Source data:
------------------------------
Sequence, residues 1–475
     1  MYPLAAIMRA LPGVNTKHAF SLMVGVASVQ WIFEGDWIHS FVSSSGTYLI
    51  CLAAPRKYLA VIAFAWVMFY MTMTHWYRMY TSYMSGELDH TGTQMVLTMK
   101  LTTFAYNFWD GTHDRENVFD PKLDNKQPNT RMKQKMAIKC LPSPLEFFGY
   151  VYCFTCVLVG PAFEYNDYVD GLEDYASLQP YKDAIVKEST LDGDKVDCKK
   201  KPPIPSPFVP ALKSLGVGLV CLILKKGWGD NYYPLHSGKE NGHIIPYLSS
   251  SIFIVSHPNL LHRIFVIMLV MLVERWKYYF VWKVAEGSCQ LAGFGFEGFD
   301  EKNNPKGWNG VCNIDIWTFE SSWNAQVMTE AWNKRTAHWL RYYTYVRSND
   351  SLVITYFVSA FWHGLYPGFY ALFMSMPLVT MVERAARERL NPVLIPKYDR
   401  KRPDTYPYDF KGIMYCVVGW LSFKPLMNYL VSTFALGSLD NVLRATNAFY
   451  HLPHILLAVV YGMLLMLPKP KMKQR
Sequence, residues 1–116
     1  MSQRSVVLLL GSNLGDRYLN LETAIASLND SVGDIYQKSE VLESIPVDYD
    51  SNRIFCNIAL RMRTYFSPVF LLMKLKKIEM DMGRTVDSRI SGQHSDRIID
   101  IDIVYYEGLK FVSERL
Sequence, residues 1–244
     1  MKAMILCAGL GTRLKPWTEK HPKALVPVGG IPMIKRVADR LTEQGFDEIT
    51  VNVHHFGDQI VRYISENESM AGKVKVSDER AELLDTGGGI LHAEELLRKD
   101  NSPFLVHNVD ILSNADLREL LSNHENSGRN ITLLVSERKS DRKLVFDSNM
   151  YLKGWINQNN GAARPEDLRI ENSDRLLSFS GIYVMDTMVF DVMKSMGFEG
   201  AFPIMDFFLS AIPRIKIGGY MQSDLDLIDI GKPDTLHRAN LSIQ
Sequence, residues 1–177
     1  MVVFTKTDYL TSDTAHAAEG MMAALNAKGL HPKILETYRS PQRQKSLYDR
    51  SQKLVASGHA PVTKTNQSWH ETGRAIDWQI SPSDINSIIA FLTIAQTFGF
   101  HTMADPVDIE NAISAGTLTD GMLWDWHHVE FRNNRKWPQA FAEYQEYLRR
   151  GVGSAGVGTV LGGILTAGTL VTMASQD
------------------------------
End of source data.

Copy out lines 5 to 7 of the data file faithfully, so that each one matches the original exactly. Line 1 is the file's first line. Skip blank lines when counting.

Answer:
   151  VYCFTCVLVG PAFEYNDYVD GLEDYASLQP YKDAIVKEST LDGDKVDCKK
   201  KPPIPSPFVP ALKSLGVGLV CLILKKGWGD NYYPLHSGKE NGHIIPYLSS
   251  SIFIVSHPNL LHRIFVIMLV MLVERWKYYF VWKVAEGSCQ LAGFGFEGFD